What is sinus hyperplasia?

Updated: Sep 16, 2020
  • Author: Cameron K Tebbi, MD; Chief Editor: Vikramjit S Kanwar, MBBS, MBA, MRCP(UK), FAAP  more...
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Answer

Sinus hyperplasia

This disorder is a generally benign condition observed in lymph nodes, draining extremities, mesenteric regions, sites of malignant disorders, or foreign bodies. Erythrophagocytosis may be present in the involved lymph nodes. Sinuses are dilated and contain histiocytes. This is not a true histiocytic disorder but rather a normal lymph node response to draining antigen.

Sinus histiocytosis with massive lymphadenopathy (SHML)

Also called Rosai-Dorfman disease, [68, 69, 60] this is a usually persistent, massive enlargement of the nodes by proliferation and accumulation of histiocytes that are characterized by emperipolesis. [70] The disease is rarely familial. [70, 71, 72, 73]  SHML can occur after bone marrow transplant for acute lymphoblastic leukemia, after or concurrent with diagnosis of lymphoma, human herpesvirus 6 (HHV6), and EBV infections. [71, 72, 73]

Although the disease is rarely familial, [70] a rare familial variation, termed Faisalabad histiocytosis, has been described in 2 families. These individuals have multiple congenital abnormalities including fractures, short stature, hearing impairment, joint contractures, and massive enlarged lymph nodes resembling Rosai-Dorfman disease. The disorder appears to be transmitted as an autosomal recessive syndrome. [74]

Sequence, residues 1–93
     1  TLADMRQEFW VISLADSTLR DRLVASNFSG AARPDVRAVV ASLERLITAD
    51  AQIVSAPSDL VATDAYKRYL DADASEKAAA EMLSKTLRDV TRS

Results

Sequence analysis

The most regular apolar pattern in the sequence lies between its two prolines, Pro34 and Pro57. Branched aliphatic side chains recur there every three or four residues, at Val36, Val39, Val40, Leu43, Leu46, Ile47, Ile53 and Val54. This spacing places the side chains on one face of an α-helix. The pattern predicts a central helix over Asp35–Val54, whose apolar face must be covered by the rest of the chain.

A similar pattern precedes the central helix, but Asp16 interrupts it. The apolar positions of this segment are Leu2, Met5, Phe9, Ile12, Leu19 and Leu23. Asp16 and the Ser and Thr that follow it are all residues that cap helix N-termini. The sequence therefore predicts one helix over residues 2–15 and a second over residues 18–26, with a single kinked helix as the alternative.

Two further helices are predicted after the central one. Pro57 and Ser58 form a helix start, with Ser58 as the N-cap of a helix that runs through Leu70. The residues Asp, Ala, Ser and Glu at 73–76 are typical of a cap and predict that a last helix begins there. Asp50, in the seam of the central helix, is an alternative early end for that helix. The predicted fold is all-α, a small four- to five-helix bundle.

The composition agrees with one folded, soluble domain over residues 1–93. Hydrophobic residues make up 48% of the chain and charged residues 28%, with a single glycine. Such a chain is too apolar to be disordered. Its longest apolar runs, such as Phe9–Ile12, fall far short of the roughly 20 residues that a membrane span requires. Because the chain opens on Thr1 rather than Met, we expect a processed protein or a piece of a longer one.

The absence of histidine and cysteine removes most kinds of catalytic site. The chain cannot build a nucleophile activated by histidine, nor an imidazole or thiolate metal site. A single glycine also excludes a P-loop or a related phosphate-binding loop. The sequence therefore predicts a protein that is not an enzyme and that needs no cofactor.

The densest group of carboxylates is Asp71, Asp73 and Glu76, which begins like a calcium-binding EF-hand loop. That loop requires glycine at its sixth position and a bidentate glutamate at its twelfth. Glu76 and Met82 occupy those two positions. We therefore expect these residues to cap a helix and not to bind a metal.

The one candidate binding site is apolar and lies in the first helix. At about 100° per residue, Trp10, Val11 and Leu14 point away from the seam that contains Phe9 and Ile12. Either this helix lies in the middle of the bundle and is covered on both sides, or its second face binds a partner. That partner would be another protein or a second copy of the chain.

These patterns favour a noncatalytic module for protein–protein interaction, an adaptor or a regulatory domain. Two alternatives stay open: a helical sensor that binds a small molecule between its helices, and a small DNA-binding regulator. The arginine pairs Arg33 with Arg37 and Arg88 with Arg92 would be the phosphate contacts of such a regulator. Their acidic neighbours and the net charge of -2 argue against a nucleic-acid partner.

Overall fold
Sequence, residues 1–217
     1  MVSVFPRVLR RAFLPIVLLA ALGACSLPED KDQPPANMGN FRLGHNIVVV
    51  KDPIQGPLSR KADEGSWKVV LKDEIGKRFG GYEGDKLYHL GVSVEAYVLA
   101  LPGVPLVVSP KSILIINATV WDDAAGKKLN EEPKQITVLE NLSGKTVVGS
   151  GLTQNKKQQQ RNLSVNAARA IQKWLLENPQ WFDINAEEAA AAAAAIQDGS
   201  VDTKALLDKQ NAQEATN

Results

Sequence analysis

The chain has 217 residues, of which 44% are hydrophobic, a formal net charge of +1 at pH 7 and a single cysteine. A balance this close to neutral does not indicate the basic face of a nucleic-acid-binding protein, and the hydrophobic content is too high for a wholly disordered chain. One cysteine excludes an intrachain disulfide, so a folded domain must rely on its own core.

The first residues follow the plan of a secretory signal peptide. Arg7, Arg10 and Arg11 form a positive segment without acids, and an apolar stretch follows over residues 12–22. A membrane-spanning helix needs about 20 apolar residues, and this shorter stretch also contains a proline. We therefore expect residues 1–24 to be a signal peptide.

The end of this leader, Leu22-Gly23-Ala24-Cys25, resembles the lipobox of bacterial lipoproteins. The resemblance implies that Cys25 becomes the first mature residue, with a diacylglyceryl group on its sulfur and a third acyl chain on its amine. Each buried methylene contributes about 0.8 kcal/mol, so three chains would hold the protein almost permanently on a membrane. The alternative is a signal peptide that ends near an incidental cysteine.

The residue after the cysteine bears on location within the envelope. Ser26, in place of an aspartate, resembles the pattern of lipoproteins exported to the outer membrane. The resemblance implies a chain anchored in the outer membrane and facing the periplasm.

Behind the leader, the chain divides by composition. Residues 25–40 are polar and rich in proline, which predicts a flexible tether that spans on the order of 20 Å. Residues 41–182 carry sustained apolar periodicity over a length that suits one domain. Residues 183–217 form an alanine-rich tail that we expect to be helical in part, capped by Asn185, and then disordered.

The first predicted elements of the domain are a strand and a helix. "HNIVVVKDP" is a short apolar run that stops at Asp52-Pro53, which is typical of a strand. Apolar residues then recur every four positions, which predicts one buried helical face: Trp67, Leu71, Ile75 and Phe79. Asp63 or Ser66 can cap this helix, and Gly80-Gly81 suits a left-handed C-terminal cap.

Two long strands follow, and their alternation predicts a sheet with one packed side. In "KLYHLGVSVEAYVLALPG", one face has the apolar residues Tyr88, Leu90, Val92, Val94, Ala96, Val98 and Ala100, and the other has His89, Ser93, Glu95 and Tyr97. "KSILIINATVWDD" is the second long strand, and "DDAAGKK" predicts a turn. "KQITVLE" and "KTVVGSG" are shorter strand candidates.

SHML cells are positive for CD68, CD163, α-antichymotrypsin, α-antitrypsin, Fascin and HAM-56. SHML cells express moderate IL6 cytokine.

The male-to-female ratio is about 4:3, with a higher prevalence in blacks than in whites. Systemic symptoms, such as fever, weight loss, malaise, joint pain, and night sweats, may be present. Cervical lymph nodes are most characteristically involved, but other areas, including extranodal regions, can be affected. These disorders can manifest with only rash or bone involvement. [68, 70, 75]

Immunologic abnormalities can be observed, [76] including leukocytosis; mild normochromic, normocytic, or microcytic anemia; increased Ig levels; and abnormal rheumatoid factor. Positive results for lupus erythematosus have also been reported.

The disease is pathologically benign and has a high rate of spontaneous remission, but persistent cases requiring therapy have occurred. [70, 76, 77] In exceptional cases with obstructive complications, surgery, radiation therapy, and chemotherapy have been used to treat the disease. [70]  Death from SHML is known to occur. [76]


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